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This is my first post, so bare with me.
It is important to distinguish between motivated active attacks
performed by humans, and automated and often poorly crafted worms and
automated attacks. Even though the use of for example non-standard
ports will not stop an attack by intelligent people, the fact is that
most attacks and collection of target lists are based on fairly stupid
automated scripts etc. One might not think that this is something to
worry about, but according to statistics, worms and viruses account
for most of the economical loss.
On Wed, 22 Dec 2004 21:02:25 +0200, Willem Koenings <firstname.lastname@example.org> wrote:
> On Wed, 22 Dec 2004 02:40:25 -0600 (CST), Ron DuFresne
> <email@example.com> wrote:
> > I'd disagree in that the tools are getting to be well enough defined that
> > we are all targets. Best game is to restrict who has access to the ports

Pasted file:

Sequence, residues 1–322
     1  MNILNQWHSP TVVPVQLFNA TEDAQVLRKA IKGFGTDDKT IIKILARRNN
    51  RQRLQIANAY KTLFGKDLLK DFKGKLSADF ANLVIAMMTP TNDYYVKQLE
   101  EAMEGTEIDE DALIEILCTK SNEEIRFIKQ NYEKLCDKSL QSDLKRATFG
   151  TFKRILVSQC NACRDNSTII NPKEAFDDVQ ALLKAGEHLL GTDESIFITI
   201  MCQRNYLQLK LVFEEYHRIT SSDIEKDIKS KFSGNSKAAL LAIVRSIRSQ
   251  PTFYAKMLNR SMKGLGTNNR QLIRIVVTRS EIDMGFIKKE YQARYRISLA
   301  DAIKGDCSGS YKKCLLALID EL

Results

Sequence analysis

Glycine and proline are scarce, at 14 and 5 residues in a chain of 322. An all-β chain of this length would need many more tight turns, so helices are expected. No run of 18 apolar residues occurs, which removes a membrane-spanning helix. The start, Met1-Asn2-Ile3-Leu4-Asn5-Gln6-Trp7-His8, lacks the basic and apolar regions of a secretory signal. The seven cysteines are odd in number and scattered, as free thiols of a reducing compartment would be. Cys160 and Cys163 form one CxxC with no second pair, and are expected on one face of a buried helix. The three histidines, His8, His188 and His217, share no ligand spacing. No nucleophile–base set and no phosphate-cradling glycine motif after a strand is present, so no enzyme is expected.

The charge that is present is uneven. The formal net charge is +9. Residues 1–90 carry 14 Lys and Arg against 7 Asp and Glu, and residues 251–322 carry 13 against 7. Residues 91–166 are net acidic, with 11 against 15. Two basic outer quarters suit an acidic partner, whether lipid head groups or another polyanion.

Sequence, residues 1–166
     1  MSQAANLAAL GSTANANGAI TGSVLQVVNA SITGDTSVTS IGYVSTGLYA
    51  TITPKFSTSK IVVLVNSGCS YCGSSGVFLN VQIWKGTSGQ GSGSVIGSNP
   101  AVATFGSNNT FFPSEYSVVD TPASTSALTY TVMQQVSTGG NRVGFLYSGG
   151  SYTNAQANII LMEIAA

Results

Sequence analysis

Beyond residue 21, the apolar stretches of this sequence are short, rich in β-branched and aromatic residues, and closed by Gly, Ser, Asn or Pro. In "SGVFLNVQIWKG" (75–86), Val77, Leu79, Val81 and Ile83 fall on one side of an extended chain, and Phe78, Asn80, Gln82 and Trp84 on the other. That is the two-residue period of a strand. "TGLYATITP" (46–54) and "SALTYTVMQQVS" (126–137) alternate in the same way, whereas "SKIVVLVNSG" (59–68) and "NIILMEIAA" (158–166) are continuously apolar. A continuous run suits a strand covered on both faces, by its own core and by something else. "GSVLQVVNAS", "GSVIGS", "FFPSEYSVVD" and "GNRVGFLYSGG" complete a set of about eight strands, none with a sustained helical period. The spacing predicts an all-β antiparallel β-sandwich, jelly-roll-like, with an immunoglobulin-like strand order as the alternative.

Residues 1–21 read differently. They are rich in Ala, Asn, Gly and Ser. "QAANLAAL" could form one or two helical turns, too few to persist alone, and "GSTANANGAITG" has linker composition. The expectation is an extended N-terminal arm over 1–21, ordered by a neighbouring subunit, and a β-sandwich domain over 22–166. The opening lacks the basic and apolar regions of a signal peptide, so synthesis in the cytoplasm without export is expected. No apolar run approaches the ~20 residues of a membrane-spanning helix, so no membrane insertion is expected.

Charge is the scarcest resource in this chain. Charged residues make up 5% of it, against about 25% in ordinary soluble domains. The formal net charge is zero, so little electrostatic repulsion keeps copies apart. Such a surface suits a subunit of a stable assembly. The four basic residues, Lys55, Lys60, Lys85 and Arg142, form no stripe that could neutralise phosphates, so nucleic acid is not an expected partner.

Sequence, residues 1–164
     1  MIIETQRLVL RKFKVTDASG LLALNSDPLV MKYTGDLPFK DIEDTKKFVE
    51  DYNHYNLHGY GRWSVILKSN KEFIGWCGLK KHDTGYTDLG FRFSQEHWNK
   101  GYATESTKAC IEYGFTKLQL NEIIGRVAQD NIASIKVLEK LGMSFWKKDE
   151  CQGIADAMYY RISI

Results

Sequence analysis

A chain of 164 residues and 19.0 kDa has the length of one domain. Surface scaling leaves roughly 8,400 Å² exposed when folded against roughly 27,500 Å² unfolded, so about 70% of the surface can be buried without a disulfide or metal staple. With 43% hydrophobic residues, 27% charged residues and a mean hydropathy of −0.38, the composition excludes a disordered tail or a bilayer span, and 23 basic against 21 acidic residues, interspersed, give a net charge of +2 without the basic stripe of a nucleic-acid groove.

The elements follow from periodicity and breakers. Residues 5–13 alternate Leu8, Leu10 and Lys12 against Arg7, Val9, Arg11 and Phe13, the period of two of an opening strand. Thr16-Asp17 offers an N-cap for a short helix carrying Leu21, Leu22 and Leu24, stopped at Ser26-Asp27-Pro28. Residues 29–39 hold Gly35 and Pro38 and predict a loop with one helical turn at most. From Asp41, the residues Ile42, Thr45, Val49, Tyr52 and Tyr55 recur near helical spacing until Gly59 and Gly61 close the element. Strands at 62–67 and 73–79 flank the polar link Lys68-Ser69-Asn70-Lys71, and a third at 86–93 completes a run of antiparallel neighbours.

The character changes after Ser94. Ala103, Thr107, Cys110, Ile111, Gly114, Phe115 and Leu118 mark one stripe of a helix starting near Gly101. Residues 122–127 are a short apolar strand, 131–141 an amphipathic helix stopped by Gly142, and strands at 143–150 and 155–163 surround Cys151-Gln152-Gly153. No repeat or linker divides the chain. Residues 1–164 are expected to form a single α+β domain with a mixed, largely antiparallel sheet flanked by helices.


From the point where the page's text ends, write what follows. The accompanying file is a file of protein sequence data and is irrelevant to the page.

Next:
> > being served whenever possible, openssh has a history that makes this a
> > good service to limit this way. Little need to hide what's not openly
> > allowed to all.
> take a recent phpBB worm Santy for an example. worm seaches
> automatically targets via google - it searches
> viewtopic.php. if, for an example, you change that file name to
> something else (and also all the referrings inside the phpBB so that
> everything still works), then Santy does not find you phpBB as a
> target. this is only an illustration to my point.
> i wrote my post because you say "the non std port advice is not worth
> much". i have lot of cases, when non standard configuration reduces
> first impact greatly. of course you shouldn't rely only to non
> standard ports/configuration, but it is not totally worthless - it
> often helps you a lot.
> Full-Disclosure - We believe in it.
> Charter: http://lists.netsys.com/full-disclosure-charter.html
Full-Disclosure - We believe in it.